Mozilla published the new Firefox on 14th of November and Twitter exploded. As geeky app-o-holic, it was time for me to rethink my browser choices as well, so I downloaded cleverly branded new Firefox Quantum on my MacBook Pro. I had already been using Firefox Developers Edition as my dev browser, so decided to give it a go as my main browser. Used it many days, but then made an even more radical switch to Safari. This is what I learned.
This article is mainly written on OS X user perspective, hence Safari is included.
Let’s start about Chrome which is the the most popular browser today.
The most popular browser in 2017, need I say more.
Native Google experience
“Everyting Google” is a good and a bad thing. For Google Chrome users it means that data syncs between browser and Google account, search is optimized for you and so on.
Syncs across operating systems and devices
What I loved about Google is that I can use the browser on my Mac and same visiting history shows up in my mobile phone. I just need to type first or two first letters and I can instantly go to the site I was just browsing on different device.
Great mount of extensions
Being the most popular choice, there are a lot of extensions. More than for any other browser. Some extensions are quite bad, outdated and unnecessary though and it takes time to find the good ones.
Top sites in new tab
Not everyone likes this, but I like the top 8 pages that show up when I open the new tab page. One of the features that have kept me using Chrome for many years.
Lots of features
You can tweak Google Chrome endlessly.
Chrome’s Developer Tools are by far the best for web developers, hands down. No other browser provides close to Chrome’s toolbox (okay, maybe the latest FirefoxDeveloperEdition, but still Chrome wins feature-wise) It has everything from basic inspecting to responsive and accessibility audition tools. Google is pro in dev stuff, so that’s why Chrome and Canary are still my browser of choice when it comes to work or developing stuff.
Clumsy UI and limited themes
There was a time you could tweak Chrome with more radical ways. There’s really no need for themes, but I’m a fan of minimalistic style and tabs below address bar.
Chrome is getting slower and slower. Chrome processes per tab is really pain in the ass, they take a lot of CPU, and RAM. This is a deal breaker for me and the reason I no longer use Chrome as my daily choice.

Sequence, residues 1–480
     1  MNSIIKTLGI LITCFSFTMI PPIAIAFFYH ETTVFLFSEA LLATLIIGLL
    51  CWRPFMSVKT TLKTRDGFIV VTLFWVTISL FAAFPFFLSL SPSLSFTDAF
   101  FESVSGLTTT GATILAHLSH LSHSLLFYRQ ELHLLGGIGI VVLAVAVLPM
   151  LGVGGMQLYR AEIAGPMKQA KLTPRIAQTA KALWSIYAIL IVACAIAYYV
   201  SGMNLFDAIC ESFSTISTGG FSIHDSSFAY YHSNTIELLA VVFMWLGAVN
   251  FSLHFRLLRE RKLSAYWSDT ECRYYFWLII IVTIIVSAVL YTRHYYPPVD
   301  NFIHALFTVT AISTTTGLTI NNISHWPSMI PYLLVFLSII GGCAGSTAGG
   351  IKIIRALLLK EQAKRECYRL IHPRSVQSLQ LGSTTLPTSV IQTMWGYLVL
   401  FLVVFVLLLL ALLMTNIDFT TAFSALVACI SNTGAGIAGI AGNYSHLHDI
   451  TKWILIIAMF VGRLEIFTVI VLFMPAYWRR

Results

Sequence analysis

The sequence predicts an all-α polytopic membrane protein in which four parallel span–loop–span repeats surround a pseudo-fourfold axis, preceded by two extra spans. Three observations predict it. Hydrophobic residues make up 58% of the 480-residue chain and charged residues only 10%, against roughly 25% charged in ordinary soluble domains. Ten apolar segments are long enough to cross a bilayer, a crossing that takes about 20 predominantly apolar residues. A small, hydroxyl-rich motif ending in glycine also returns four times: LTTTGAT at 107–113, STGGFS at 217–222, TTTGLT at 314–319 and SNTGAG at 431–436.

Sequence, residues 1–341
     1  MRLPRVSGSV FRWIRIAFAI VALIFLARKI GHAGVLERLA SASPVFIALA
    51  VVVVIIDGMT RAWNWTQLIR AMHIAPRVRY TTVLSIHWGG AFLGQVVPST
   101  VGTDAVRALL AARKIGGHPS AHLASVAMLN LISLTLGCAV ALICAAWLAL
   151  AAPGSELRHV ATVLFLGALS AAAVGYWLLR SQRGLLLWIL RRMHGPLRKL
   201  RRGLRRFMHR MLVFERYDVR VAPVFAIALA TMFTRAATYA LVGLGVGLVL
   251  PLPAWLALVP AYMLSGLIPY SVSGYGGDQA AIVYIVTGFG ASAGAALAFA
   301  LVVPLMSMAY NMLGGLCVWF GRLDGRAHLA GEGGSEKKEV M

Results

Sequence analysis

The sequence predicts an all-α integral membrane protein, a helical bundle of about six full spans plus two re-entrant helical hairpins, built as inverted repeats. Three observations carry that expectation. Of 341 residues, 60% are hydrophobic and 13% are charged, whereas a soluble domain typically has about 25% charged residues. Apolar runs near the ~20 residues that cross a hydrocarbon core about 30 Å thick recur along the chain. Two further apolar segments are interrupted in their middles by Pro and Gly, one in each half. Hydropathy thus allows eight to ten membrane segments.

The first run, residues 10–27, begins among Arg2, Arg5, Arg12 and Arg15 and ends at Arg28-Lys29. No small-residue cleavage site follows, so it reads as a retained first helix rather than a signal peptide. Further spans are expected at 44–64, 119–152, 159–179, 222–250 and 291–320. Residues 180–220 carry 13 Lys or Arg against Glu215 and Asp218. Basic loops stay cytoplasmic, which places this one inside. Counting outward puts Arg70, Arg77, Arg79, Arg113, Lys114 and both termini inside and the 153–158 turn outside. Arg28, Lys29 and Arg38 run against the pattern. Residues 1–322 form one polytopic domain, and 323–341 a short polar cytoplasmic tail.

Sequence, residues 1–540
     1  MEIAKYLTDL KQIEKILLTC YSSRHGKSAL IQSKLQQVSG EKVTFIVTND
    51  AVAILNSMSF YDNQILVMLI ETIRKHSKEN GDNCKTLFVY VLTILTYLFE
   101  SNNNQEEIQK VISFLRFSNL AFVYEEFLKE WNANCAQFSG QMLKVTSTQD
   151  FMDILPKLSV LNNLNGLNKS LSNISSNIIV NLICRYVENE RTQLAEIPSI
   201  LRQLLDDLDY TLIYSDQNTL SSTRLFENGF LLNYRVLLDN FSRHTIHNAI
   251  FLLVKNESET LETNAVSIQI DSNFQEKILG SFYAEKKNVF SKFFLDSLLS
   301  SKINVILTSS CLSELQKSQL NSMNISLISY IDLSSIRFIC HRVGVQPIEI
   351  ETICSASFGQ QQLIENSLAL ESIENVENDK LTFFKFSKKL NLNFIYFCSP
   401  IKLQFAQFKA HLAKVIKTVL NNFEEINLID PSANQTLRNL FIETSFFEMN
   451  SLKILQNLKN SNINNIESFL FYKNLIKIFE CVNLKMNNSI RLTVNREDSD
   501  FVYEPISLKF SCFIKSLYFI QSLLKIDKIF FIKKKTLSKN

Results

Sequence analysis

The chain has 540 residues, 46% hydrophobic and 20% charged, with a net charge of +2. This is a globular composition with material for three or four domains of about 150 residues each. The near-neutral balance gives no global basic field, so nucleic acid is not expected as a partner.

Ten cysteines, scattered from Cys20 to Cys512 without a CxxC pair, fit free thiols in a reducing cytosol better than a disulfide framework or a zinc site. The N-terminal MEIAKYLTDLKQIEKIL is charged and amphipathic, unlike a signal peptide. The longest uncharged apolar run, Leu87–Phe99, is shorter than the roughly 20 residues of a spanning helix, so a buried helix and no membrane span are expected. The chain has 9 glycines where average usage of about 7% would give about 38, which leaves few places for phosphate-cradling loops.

Chrome is the safe choice, it’s the one that has most extensions and support. In 2017 it’s not my choice because of the UI and lack in performance.
Default and preinstalled for Apple users since the dawn of Internet time. There has been ups and downs, but Safari 11 really stands out. Still the king.
I like Apple products not because they are user friendly, but well designed. Safari doesn’t make an exception. Tabs fill up the space horizontally and the top bar is minimal as possible – more space vertically. No useless bars or buttons, every space fills its purpose.
Blazing fast surfing
As Macworld’s benchmarks prove, Safari is the fastest web browser in 2017. I have many devices at home using wifi and sometimes it’s not that fast, but with Safari every page loads instantly.
The most resource friendly browser
Not only Safari is fastest when surfing the web pages, it’s also fast resource-wise. It starts up immediately and doesn’t get unresponsive. It had bugs years ago, but it seems most of them are now tackled. No issues whatsoever, and way under 10% CPU usage even with dozen tabs open.
Good amount of quality extensions that don’t slow the browser down
It may have not always been so, but nowadays Safari has lots of extensions available. Not as much as Chrome or Firefox, but just enough for my daily use.
No favicons, or so you think…
Not having Favicons is a concious choice by Apple, but with a little app called Faviconographer you can have them if you want. I tried it, but noticed I don’t need them. They just clutter the space. And there’s always pinch (tab overview), Shift + ⌘ + ⌥ + 7 on keyboard for navigating if you have lots of tabs open. Also for my defence, I have to say I like to keep open tabs always in minimum.
No themes or wide customizability
Again, Apples design choice. I don’t miss them at all, because I like Safari’s minimalistic UI. Again, I have made Safari-inspired theme for Firefox, that shows how much I like the Safari UI.
Only for Apple devices